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Re: [midatlanticretro] static ip

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  • Bob Applegate
    Hi Guys, I started/ran/managed an ISP from 1994 until we sold the company in 2000, and have done a fair amount of IP stack development (protocol stack work,
    Message 1 of 7 , Jan 24, 2006
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      Hi Guys,

      I started/ran/managed an ISP from 1994 until we sold the
      company in 2000, and have done a fair amount of IP stack
      development (protocol stack work, not just applications).

      Generally speaking, your Terms Of Service with your provider
      usually prohibit you from running any kind of server, especially
      if it's not a "business account." For a non-business account
      where you keep the connection (ie, cable, DSL, etc), then your
      "dynamic" address is usually pretty stable, but might change from
      time to time. I've noticed my Comcast address changes every 6-8
      months.

      I have some dyndns.org addresses. They have a timeout of 60
      seconds. So, every 60 seconds, any of those addresses expire from
      the cache of the name server you are using, and must be refreshed.
      Ie, if you address changes, dyndns gets updated pretty quickly,
      **IF** you are running software on your computer to detect the change
      and update the dyndns database in a short amount of time. The
      refresh programs typically refresh every 10 minutes by default, but
      that can be changed.

      I don't know if DECnet is carried on TCP, UDP, or some other protocol,
      but if it uses TCP, then the connect will back-off when it doesn't
      get a reply. Ie, your chances of being deteced as a DOS attack are
      slim. TCP is designed so that user applications don't flood the network
      if the remote end is unavailable. For UDP based applications, this is
      purely up to the application developer, since UDP does not guarantee
      delivery at all, and this must be done in the application.

      If DECnet requires every machine on the network to be visible to the
      outside world via IP, then NAT won't work. However, if a gateway can
      work, then use non-routable addresses inside your network (ie, 192.168.x.x)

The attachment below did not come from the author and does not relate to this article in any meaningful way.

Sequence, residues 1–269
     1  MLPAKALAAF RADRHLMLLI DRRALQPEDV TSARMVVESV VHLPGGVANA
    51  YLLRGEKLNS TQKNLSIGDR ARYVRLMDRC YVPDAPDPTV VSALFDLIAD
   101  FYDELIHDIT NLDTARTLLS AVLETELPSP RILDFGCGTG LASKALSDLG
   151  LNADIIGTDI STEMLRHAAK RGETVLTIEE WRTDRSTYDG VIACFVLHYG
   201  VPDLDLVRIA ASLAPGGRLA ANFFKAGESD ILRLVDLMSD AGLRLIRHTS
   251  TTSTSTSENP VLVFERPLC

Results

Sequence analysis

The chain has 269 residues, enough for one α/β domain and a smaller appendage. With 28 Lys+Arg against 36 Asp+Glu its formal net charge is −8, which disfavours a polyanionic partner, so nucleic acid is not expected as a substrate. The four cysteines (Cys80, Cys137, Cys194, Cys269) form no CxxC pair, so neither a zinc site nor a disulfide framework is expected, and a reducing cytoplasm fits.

and then have one machine with a NAT address acting as a gateway on the
      dynamic address. Find some app (probably on a PC running windoze) that
      will periodically check the router's IP and update dyndns as needed. Works
      fine for my "dynamic" network (I also have a group of static IPs from
      another provider as a business account).

      BTW, how much effort is this worth? The internet doesn't seem very
      retro to me.

      Bob



      David Comley <david_comley@...> wrote :

      > Not sure that NAT helps in this situation - the guy at
      > the 'far end' has to be able to resolve the name to an
      > address, and then that address has to stay the same
      > after it's cached by the bridge. I have NAT set up
      > here at home and my servers have private static
      > addresses but the outside world has no visibility of
      > them so no-one can really access them except via the
      > address of my router and the port forwarding I set up.
      >
      > It's an interesting problem and I wish there were a
      > decent workaround based on static names or something
      > similar. I had a conversation with Johnny Billquist
      > who set up HECnet and wrote the bridge program. His
      > view on using dynamic addresses was that there would
      > always be an uncertain period when a static name
      > mapped to a dynamic address would no longer match
      > correctly so there would be brief periods where the
      > DECnet traffic could be sent to an unsuspecting user -
      > and might be misinterpreted by them as a Denial of
      > Service attack.
      >
      > -Dave
      >
      >
      > --- Degnan <billdeg@...> wrote:
      >
      > > You can do all of that, but from my experience it's
      > > more trouble
      > > than it's worth. 
      > >
      > > I suggest that you set up a router cablable of doing
      > > a NAT translation
      > > and assign a permanent internal IP.  You can do with
      > > with Linux and
      > > don't even need a hardware router.  You can use
      > > Linux for the firewall
      > > as well.  That way, no matter what the external IP
      > > is, you have an
      > > internal IP that stays the same.  Let the router
      > > deal with the outside
      > > world.  There's a bit more to it than what I
      > > describe, but use of
      > > NAT will solve most of your problems.
      > > Bill D
      > >
      >
      >
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